We tend to think of learning as hard work, requiring a lot of conscious effort. However, much of the process goes on behind the scenes. If you could improve the unconscious processing and retrieval of memories, you could game the system. And it turns out that you can -- often with very little effort.
If you are learning facts such as foreign phrases or historical dates, giving your study a boost could be as simple as taking a break. Lila Davachi at New York University has found that breaks help to consolidate new memories, improving recall later. However, for a time out to work, different brain cells need to be activated to those you used during the learning period. So, try not to think about what you have just been working on.
Accept your thoughts and feelings as they come, and let them go. Slowly, become aware of your breathing. If you like, you can ask for help, internally, from a higher power. If you don't, think of the problem you need help with -- this makes your conscious mind run down to the library of your unconscious mind with an intention. The unconscious then runs through its files of observations, and throws up all that can help you in the given situation.
Better yet, sleep on it. It is well established that the brain processes memories during sleep, but it will do this more effectively if you leave the optimum time between learning and sleeping. Christoph Nissen at the University of Bern, Switzerland, found that a group of 16 and 17-year-olds performed best on tests of factual memory if they studied the material mid-afternoon, but they acquired skills involving movements faster if they practised in the evening. He suspects that the "critical window" between learning and sleep is shorter for movement-related learning than for other types of memory. Whether adults can benefit as much as teenagers from these windows isn’t clear. "There is evidence that adolescents have a higher capacity to learn -- and they sleep better," says Nissen. It is also worth noting that after about age 60, adults generally learn better in the morning.
Bj√∂rn Rasch at the University of Fribourg, Switzerland, is investigating another way to boost learning during sleep. He has led a series of studies showing that adult language learners remember more when played recordings of foreign vocab while sleeping. "The literature on targeted memory reactivation is growing rapidly," he says. "Most findings are positive." However, it is important that the words are played during non-REM, slow wave sleep, when factual memories are consolidated. Also, the volume of the recordings should not be so loud that it disrupts sleep. Alternatively, you could try using scents to cue learning in your sleeping brain. Rasch has found a boost to memory in people who smelled roses while learning a task and then again during slow wave sleep.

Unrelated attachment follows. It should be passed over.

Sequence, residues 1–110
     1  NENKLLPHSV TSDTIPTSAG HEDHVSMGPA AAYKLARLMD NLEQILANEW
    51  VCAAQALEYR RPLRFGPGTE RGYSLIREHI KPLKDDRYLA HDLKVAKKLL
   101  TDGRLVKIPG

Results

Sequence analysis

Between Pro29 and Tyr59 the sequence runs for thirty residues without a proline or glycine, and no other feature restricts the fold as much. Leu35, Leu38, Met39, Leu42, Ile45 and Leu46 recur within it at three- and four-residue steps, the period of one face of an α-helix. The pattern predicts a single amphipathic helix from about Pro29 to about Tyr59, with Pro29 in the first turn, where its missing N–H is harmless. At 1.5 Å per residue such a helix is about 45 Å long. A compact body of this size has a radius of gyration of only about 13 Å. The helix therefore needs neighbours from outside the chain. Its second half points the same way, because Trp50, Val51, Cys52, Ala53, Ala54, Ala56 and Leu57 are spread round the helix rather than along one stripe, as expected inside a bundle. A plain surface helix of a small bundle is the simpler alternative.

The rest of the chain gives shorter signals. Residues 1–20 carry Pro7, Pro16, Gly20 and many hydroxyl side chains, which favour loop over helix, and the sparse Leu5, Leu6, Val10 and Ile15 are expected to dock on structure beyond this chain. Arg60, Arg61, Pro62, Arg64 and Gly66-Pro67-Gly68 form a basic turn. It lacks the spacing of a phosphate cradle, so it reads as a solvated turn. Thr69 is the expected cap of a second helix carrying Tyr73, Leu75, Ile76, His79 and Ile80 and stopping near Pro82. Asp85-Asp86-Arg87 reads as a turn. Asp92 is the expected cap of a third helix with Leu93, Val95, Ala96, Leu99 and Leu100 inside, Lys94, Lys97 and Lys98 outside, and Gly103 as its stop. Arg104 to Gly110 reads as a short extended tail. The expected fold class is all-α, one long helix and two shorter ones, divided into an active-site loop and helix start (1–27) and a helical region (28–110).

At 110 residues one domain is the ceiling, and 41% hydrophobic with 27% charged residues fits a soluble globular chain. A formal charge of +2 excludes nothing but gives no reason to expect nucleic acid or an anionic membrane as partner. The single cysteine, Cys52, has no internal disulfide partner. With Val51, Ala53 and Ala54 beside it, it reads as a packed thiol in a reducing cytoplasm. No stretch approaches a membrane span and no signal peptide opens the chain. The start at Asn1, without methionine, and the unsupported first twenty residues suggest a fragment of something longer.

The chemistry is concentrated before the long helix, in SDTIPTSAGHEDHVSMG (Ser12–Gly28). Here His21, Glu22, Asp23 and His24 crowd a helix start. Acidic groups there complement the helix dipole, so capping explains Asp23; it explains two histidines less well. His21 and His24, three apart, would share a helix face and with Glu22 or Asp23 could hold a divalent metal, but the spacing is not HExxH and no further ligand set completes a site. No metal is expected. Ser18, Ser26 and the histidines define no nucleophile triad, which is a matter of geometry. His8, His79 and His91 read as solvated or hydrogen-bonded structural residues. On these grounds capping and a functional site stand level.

As well as laying down memories, your unconscious mind is responsible for retrieving them on demand. This process seems all too fallible, as those regular tip-of-the-tongue moments attest. However, an intriguing study suggests a way to improve things. Volunteers who had to answer multiple-choice questions on a computer did significantly better if told that the correct answer would be flashed up subliminally just before each question. In fact, they weren’t given the answers at all -- their improved performance was all down to the placebo effect. The researchers think it worked by reducing performance anxiety and priming people for success.
If you have an exam, or even a pub quiz, coming up, that’s worth bearing in mind. Unlocking the knowledge stored in your unconscious mind could be as simple as believing that you can do it.